Every American deserves comprehensive, affordable coverage that gives them access to equitable, high-quality care — care that helps them avoid the dangers of inappropriate opioid prescribing. With this commitment, AHIP submitted comments on the 2022 draft
We all have a part to play
“The opioid crisis is devastating to its victims, their families, and communities across the country. Sadly, opioid overdose deaths continue to rise. In order to move forward and reverse this devastating trend, the opioid crisis must be approached holistically, This includes local governments, law enforcement and the justice system, social service agencies, community housing programs, Medicaid programs, physicians and other health care providers, pharmacists, health insurance providers and pharmaceutical companies.
Health insurance providers are part of the solution
“Health insurance providers have long been part of the solution by working closely with clinicians and other stakeholders and taking a comprehensive, evidence-based approach encompassing prevention, early intervention and treatment. and recovery from substance use disorders.”
“Health insurance providers will continue to work to address the opioid crisis and collaborate with other stakeholders to protect patient safety and improve outcomes. The strategies and challenges outlined in the guideline provide a constructive shift toward person-centred, evidence-based care we support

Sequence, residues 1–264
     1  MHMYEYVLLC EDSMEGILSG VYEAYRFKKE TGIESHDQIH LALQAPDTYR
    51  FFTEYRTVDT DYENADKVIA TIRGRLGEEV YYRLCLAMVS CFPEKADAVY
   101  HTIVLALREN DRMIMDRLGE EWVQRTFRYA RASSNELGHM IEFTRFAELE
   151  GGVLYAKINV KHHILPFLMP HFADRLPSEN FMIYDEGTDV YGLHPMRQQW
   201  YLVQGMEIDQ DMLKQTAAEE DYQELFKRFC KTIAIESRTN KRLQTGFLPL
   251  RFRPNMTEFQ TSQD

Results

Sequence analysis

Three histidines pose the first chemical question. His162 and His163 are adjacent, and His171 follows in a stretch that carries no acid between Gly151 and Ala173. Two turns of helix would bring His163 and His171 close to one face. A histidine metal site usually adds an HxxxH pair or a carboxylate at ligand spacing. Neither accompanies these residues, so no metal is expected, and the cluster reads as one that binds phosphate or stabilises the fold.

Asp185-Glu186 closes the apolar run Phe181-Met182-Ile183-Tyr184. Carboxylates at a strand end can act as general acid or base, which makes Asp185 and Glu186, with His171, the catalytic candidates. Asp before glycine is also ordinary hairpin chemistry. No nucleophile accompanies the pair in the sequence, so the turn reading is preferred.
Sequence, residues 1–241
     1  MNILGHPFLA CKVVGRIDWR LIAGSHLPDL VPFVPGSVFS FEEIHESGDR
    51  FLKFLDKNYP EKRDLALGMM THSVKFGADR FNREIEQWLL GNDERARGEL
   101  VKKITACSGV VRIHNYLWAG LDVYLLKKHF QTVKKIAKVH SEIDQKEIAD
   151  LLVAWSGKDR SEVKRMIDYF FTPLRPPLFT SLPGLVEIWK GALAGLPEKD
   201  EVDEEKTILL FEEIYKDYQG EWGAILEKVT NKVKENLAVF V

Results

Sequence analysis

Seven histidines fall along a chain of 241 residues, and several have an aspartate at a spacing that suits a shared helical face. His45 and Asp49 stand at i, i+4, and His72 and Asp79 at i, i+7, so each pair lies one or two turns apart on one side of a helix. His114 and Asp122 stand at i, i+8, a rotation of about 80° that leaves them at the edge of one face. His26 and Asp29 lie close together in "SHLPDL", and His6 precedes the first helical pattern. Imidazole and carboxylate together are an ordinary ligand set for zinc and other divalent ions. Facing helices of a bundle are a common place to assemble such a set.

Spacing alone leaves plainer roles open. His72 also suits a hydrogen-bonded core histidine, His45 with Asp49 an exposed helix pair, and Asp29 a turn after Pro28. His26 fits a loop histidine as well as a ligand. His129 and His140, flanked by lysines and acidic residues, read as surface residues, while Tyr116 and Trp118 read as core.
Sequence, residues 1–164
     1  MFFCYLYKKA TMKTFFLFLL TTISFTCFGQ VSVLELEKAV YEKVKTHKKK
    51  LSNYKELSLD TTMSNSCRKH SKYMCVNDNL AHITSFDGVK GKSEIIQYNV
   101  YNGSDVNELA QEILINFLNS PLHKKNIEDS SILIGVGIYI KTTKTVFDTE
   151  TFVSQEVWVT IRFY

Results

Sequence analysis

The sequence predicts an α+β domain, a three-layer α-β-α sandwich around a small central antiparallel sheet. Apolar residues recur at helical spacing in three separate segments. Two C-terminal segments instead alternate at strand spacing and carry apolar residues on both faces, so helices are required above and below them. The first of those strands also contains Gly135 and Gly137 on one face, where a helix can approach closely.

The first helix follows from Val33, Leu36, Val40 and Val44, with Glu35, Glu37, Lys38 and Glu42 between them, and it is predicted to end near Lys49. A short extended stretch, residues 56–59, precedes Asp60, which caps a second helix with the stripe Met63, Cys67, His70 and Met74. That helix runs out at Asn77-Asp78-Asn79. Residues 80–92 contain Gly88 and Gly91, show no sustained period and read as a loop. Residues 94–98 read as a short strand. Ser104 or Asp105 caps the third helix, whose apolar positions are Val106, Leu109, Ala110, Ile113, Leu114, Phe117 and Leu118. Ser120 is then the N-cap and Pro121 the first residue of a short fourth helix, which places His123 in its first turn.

AHIP supports human-centric solutions
“We support the guideline’s goals of improving communication between clinicians and patients and empowering them to make informed, person-centered decisions about pain care.”
“We particularly appreciate the increased focus on a patient’s treatment needs and goals.”
“We support the proposed inclusion of social and other non-clinical factors in the new guideline, as well as the attention to equity issues.”
A call for more evidence
“Finally, we support calls for new research to fill knowledge gaps associated with opioid prescribing, dosages and risk factors; multidisciplinary models of pain management; alternative therapies and assessment of painless outcomes; diagnoses; care transitions; and impacts of AHIP and its members agree that there is a need for research to improve existing risk assessment tools and to inform future guidelines evidence-based clinics on dosing and treatment options to manage various types of pain.
The comment letter also includes recommendations for additional clarifications and considerations to be incorporated into the guideline.
Read the comment letter (https://www.ahip.org/resources/ahip-comments-on-opioid-prescribe)